Aussie Hands inspiring Person of the Month – Callie cuts through the anxiety of starting kindergarten
As parents we navigate our way through life, taking small and often large, steps as each new challenge arises for our children and ourselves. When one of our children has a hand or limb difference the challenges can seem more intense and confronting as we try and guide them unscathed through life and develop a sense of belonging in society. Sometimes we need to be brave enough to just be there for them when they need us and at other times stand back and watch them blossom. School is one of these steps.
Aussie Hands twins, Callie and Phoebe, started kindergarten this year. School is already daunting for a five-year-old without the extra attention that a hand difference may bring. Callie has a hand difference and is showing mum and dad, Mandy and Phil, how she can shine at school.
Callie and Phoebe were in the same class in preschool but are in separate classes at kindergarten. Their mother and New South Wales Aussie Hands State Coordinator, Mandy said: “The girls are in different classes to enable each of them to shine bright and to grow in independence and confidence. It has worked really well so far, they have grown closer together at home, but it has also allowed them to create independent friendships at school.”
“Callie struggled in the first couple of weeks to make friends independently, but now she has found her voice,” added Mandy.
When asked what school meant to her, Callie replied: “To learn, to read, to write, to spell,” and about her favourite part of class she said: “To write, spell words and help my friends to cut and glue their work.”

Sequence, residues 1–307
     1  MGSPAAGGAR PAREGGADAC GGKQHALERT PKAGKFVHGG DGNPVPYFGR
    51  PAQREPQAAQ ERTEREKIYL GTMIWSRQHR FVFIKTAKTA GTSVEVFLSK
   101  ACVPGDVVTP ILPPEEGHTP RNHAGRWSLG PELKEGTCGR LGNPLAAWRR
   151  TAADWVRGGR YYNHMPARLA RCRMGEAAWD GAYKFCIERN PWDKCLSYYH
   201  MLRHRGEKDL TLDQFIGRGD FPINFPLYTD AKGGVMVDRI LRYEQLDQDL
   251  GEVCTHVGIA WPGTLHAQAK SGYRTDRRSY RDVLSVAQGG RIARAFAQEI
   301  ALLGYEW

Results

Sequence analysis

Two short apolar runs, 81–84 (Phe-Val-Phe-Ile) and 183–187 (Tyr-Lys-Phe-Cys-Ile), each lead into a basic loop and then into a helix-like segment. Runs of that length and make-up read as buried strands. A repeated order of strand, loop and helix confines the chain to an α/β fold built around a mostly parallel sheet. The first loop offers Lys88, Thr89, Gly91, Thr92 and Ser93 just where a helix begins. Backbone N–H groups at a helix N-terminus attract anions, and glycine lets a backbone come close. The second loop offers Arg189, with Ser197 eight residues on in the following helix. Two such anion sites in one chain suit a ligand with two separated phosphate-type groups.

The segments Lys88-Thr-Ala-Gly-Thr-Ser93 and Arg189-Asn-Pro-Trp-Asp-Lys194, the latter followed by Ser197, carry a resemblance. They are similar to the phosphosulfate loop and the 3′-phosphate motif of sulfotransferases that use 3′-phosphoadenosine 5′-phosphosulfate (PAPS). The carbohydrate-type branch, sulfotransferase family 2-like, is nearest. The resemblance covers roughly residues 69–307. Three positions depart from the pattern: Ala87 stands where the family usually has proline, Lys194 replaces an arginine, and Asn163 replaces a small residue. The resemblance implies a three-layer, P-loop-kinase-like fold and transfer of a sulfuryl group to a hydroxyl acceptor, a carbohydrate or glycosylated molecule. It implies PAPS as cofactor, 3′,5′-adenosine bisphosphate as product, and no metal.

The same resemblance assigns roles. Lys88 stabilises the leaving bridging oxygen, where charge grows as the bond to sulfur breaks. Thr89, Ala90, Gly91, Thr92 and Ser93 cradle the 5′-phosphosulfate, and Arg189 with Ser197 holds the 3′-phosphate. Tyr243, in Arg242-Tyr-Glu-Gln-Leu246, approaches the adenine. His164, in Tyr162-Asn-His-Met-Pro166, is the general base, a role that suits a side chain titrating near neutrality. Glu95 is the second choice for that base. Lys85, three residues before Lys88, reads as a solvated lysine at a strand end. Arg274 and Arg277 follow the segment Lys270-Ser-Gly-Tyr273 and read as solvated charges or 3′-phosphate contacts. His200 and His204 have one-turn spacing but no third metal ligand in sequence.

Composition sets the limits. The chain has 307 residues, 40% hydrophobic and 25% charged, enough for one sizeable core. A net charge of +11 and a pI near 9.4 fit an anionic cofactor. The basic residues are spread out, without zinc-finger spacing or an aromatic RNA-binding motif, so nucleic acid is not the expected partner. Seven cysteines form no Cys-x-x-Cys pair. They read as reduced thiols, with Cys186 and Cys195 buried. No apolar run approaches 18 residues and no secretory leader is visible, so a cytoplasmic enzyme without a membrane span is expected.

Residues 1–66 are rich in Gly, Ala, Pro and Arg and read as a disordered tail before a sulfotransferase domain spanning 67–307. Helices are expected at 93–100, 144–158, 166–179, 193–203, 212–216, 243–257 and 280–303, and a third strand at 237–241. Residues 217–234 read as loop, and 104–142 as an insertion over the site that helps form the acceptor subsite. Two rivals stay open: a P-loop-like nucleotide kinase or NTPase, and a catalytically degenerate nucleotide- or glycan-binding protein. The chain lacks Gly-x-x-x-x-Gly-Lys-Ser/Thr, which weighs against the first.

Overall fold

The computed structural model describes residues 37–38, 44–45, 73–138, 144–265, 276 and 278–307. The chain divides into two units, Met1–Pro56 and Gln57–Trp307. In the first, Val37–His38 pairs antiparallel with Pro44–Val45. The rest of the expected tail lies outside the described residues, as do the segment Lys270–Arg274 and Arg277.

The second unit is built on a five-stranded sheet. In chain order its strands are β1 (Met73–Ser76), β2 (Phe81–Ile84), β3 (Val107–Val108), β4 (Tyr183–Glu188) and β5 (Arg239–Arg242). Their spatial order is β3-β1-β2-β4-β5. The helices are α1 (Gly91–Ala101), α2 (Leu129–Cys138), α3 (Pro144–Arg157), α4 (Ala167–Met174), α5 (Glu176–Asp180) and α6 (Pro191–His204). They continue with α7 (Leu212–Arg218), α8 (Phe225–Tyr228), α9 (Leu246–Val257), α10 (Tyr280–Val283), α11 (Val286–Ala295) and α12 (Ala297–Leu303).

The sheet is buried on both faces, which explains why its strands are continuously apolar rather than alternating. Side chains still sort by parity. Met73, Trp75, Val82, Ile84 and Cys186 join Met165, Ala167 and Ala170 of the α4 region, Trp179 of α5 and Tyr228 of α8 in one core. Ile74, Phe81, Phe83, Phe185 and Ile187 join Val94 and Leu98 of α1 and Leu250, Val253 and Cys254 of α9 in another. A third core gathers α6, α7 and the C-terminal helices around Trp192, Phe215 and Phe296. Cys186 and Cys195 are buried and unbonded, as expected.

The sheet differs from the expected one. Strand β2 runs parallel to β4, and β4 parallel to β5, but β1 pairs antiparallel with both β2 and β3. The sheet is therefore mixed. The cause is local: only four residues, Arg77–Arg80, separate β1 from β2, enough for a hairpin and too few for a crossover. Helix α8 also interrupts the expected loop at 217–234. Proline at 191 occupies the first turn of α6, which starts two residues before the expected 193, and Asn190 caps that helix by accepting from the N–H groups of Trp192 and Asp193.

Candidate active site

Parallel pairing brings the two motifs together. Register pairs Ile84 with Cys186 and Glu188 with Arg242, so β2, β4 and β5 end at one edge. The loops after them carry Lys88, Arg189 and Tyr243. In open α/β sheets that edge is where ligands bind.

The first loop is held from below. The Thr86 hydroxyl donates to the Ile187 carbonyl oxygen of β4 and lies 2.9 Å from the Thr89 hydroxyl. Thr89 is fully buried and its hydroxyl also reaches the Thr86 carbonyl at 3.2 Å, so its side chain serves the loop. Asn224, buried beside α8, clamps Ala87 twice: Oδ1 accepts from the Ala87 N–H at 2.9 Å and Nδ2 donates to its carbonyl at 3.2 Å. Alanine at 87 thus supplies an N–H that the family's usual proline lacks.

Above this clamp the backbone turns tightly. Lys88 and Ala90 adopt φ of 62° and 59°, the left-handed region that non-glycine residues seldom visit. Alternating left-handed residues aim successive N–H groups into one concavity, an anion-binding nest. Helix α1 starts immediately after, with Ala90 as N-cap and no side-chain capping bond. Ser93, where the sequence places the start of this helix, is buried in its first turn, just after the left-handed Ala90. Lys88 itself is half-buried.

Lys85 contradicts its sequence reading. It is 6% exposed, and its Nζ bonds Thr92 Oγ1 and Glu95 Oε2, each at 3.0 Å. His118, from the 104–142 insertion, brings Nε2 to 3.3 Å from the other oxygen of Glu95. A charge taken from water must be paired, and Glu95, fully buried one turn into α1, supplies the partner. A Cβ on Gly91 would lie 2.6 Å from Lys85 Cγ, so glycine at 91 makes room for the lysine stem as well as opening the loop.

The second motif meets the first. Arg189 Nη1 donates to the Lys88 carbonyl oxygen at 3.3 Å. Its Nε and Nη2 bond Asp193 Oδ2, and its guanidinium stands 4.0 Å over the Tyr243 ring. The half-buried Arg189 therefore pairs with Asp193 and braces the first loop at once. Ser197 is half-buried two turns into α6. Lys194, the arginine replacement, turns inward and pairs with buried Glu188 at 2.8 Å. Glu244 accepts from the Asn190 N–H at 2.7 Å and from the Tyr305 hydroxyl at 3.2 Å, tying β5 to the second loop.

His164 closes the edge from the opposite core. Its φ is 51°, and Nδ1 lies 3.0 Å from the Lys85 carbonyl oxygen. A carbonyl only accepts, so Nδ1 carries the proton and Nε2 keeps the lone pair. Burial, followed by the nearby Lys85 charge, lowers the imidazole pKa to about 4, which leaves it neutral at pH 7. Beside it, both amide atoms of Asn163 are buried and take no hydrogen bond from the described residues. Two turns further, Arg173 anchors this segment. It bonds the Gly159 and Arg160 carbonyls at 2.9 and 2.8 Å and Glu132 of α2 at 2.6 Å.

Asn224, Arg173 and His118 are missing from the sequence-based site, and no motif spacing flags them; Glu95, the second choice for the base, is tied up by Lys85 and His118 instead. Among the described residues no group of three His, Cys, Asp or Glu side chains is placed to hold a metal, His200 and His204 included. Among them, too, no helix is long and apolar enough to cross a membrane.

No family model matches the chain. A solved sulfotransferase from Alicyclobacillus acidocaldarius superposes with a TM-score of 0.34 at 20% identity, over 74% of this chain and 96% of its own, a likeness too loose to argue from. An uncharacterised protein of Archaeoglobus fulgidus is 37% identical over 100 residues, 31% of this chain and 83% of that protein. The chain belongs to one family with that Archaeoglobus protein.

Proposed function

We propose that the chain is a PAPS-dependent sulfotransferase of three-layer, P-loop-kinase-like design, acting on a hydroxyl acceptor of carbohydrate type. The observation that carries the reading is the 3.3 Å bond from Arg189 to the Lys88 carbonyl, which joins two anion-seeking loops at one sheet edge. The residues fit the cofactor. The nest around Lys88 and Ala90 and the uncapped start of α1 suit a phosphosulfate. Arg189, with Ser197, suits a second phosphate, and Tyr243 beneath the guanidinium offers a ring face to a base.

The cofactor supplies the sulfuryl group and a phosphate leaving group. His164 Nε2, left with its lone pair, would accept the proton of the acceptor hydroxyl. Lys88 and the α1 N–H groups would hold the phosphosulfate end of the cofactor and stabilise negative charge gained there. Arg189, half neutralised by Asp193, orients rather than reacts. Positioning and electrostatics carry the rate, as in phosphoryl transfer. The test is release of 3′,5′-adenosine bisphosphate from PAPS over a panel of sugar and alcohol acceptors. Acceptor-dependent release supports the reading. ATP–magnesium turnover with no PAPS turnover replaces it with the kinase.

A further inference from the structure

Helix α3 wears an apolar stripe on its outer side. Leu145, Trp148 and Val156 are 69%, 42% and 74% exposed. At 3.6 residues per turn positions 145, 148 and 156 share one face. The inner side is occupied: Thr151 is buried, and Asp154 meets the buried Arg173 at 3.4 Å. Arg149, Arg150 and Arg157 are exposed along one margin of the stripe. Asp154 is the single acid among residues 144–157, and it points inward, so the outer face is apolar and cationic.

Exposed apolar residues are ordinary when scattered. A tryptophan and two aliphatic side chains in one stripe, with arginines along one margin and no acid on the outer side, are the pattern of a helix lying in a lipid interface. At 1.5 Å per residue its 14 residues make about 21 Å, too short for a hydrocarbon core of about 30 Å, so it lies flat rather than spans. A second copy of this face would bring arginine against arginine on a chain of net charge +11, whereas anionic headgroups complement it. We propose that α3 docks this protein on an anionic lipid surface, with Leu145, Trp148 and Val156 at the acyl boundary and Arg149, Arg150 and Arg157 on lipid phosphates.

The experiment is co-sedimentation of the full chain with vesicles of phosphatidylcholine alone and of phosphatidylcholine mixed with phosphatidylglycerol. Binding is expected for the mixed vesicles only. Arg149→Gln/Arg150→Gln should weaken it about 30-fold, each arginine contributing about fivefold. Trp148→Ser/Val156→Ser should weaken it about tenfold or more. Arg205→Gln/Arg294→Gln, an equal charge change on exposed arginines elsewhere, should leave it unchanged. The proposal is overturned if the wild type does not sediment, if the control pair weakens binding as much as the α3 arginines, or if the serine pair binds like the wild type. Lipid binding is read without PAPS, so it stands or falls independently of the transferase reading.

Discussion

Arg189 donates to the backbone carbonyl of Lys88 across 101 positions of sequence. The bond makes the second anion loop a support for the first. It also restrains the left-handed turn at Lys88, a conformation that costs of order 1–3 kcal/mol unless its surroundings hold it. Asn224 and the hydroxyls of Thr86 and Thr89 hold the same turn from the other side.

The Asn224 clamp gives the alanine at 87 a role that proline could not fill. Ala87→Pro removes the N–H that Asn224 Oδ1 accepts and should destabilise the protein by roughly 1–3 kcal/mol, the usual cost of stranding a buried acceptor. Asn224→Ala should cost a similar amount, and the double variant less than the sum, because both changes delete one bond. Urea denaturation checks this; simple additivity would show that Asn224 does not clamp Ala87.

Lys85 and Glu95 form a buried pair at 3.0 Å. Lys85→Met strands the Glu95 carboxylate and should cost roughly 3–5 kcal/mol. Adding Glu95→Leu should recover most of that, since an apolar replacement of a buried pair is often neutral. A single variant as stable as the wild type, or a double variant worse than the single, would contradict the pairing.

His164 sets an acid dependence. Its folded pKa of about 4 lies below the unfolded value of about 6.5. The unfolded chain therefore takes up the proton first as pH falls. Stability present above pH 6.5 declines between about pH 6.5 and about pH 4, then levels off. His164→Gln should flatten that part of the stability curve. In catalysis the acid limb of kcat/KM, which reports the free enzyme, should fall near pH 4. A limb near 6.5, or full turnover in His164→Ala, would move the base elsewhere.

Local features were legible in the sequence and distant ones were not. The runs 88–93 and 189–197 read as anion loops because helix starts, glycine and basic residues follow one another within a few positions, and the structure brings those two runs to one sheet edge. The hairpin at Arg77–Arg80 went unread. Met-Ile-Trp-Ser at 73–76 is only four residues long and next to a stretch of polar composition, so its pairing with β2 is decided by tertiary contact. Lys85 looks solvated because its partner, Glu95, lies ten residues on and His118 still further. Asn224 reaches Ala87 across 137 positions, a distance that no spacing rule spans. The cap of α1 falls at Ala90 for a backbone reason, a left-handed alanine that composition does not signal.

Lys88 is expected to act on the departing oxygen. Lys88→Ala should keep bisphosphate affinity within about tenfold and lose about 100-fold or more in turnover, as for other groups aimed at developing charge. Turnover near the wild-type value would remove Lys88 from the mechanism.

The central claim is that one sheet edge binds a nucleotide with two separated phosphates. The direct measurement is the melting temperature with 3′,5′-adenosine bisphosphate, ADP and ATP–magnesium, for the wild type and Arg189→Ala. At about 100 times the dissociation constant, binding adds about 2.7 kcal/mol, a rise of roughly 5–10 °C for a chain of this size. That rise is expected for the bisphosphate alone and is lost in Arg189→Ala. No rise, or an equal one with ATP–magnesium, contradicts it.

It seems the first couple of weeks are well behind Callie as she explained who her many friends are and what she likes doing at lunch and recess: “My friends are Joy, Anya, Tomiwa, Harmony, Diva, Esther, Kalani, Lily, Gnit, Nitnit and I love to play tag and ibble obble black bubble.”
Starting children with hand and limb differences at school can be worrying for parents when they know that they are not going to be there for the questions and the stares that may occur. On asking Mandy how they helped Callie’s move to school, she said: “We tackled this up front. I sent in stories and resources as well as her Doll Like Me for Callie and her teachers to share with her grade in the first week.
“She is known and loved by many in the playground, although I have witnessed a few stares and comments. I am in the middle of addressing this with the school as I noticed that Callie regressed and was sad when this happened.”
“At the time I stepped in and used Nemo (from the Disney film Finding Nemo) as an explanation which was a happy common ground for the kids. The school has been very supportive and mainly assist her in growing in confidence. They will be addressing the other grades shortly to avoid more stares and comments,” added Mandy.
Parents who have kindergarten before them may be anxious, but they should know there is a lot more support for their children now. Mandy advised: “Take time to tour the school, set up meetings to discuss your child’s needs and become part of the school community. It is really important to have confidence in the school that will assist you in moulding your child into the person they become.
“Utilise the Aussie Hands pamphlet for teachers and ensure the school is confident in limb difference language and any individual support your child may need including making sure they are confident in helping assist with any prosthetics or aids your child may use. If they are not confident your child will sense it.”
Mandy and Phil expect both girls to reach for the stars. Callie may need a little more time occasionally, but there is nothing that she is not expected to try, just like the rest of the class.
“In fact, Callie is assisting other children with their cutting as apparently, she is a more skilled cutter than some of her classmates,” said Mandy. Callie has recently won her first award for being an independent worker and striving to always do her best. Any parent would be proud of these successes.
As both Callie and Phoebe blossom in their own unique ways, it is reassuring to know that school can be less confronting than expected. Support, awareness and understanding of hand and limb differences is more widely embraced as our children start to take these brave steps through life.
Thanks to Callie, Phoebe, Mandy and Phil for sharing their inspiring Aussie Hands story.
By Lily Toengi-Andrews